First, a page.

#include problem


A

arnuld

I am running into some issue of inclusion of header and I am unable to
understand what is wrong:



fileA.h

#ifndef TEST_HEADERS_A
#define TEST_HEADERS_A

struct myStruct_A
{
int num;
};


void use_print_values(void);

#endif




fileB.h

#ifndef TEST_HEADERS_B
#define TEST_HEADERS_B

#include "fileA.h"

void print_values(struct s1 s);

#endif




fileA.c

#include <stdio.h>
#include "fileA.h"
#include "fileB.h"

void use_print_values(void)
{
struct myStruct_A s;
print_values(s);
}




fileB.c

#include <stdio.h>
#include "fileA.h"
#include "fileB.h"

void print_values(struct myStruct_A s)
{
printf("Num = %d\n", s.num);
}




==================== OUTPUT ======================
[[email protected] C]$ gcc -ansi -pedantic -Wall -Wextra -c fileA.c
In file included from fileA.c:3:
fileB.h:6: warning: ‘struct s1’ declared inside parameter list
fileB.h:6: warning: its scope is only this definition or declaration,
which is probably not what you want
fileA.c: In function ‘use_print_values’:
fileA.c:8: error: type of formal parameter 1 is incomplete
[[email protected] C]$


[[email protected] C]$ gcc -ansi -pedantic -Wall -Wextra -c fileB.c
In file included from fileB.c:3:
fileB.h:6: warning: ‘struct s1’ declared inside parameter list
fileB.h:6: warning: its scope is only this definition or declaration,
which is probably not what you want
fileB.c:6: error: conflicting types for ‘print_values’
fileB.h:6: error: previous declaration of ‘print_values’ was here
[[email protected] C]$
 
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I

Ike Naar

I am running into some issue of inclusion of header and I am unable to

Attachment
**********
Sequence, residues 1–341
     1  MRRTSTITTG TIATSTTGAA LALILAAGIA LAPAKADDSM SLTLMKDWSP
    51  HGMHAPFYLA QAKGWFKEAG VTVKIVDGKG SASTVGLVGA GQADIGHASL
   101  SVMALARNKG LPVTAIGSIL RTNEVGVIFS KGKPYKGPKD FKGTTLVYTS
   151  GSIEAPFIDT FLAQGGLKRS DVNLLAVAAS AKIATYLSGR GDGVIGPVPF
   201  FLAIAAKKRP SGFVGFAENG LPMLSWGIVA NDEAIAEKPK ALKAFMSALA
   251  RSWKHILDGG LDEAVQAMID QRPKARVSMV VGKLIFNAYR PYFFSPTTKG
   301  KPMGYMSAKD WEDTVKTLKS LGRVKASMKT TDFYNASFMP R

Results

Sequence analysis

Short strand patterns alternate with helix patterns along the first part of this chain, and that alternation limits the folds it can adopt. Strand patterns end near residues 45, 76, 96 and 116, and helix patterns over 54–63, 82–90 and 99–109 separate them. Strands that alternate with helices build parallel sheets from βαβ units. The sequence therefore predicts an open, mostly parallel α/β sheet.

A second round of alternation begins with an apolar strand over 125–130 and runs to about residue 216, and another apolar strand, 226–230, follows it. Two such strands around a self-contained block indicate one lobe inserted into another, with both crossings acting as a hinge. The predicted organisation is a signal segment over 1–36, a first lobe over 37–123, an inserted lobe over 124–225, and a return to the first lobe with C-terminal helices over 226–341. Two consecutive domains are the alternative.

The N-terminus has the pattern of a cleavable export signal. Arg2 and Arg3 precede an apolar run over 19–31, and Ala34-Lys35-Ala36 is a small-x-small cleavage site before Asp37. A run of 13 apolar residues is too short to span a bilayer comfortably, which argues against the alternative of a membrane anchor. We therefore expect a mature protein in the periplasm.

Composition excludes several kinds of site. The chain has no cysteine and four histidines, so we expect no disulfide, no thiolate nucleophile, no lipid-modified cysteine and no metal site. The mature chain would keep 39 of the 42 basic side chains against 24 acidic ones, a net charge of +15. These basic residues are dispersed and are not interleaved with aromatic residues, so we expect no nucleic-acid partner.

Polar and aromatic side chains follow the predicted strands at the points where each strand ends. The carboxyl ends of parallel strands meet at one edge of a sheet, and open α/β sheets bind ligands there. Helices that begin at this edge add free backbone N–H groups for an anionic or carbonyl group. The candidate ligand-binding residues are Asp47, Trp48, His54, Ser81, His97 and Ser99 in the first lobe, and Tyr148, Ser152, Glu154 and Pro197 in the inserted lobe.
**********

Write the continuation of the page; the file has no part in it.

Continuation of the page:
understand what is wrong:

[sni]

fileB.h

#ifndef TEST_HEADERS_B
#define TEST_HEADERS_B

#include "fileA.h"

void print_values(struct s1 s);

Did you mean "struct myStruct_A s" here?
 
B

Ben Bacarisse

arnuld said:
I am running into some issue of inclusion of header and I am unable to
understand what is wrong:

It's not inclusion that is the problem.
fileA.h

#ifndef TEST_HEADERS_A
#define TEST_HEADERS_A

struct myStruct_A
{
int num;
};


void use_print_values(void);

#endif




fileB.h

#ifndef TEST_HEADERS_B
#define TEST_HEADERS_B

#include "fileA.h"

void print_values(struct s1 s);

struct s1 is not defined. Presumably you intended to refer to the
structure defined in fileA.h but that struct myStruct_A.

<snip>
 
A

arnuld

It's not inclusion that is the problem.

fileA.h was incomplete, here it is:

#ifndef TEST_HEADERS_A
#define TEST_HEADERS_A

#include "fileB.h"

struct myStruct_A
{
int num;
};


void use_print_values(void);

#endif

============ OUTPUT ==============
[[email protected] C]$ gcc -ansi -pedantic -Wall -Wextra -c fileB.c
In file included from fileA.h:4,
from fileB.c:2:
fileB.h:6: warning: ‘struct myStruct_A’ declared inside parameter list
fileB.h:6: warning: its scope is only this definition or declaration,
which is probably not what you want
fileB.c:6: error: conflicting types for ‘print_values’
fileB.h:6: error: previous declaration of ‘print_values’ was here
[[email protected] C]$



Header A asks for Header B and Header B asks for Header A, recursive
issue, anyway to solve this ?
 
M

Mark

arnuld said:
#ifndef TEST_HEADERS_A
#define TEST_HEADERS_A

struct myStruct_A
{
int num;
};

Sorry for asking additional questions instead of answering yours: I often
observe the structures containing a single member, often that is an array.
What is the reason for doing so?

Mark
 
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I

Ian Collins

Sorry for asking additional questions instead of answering yours: I often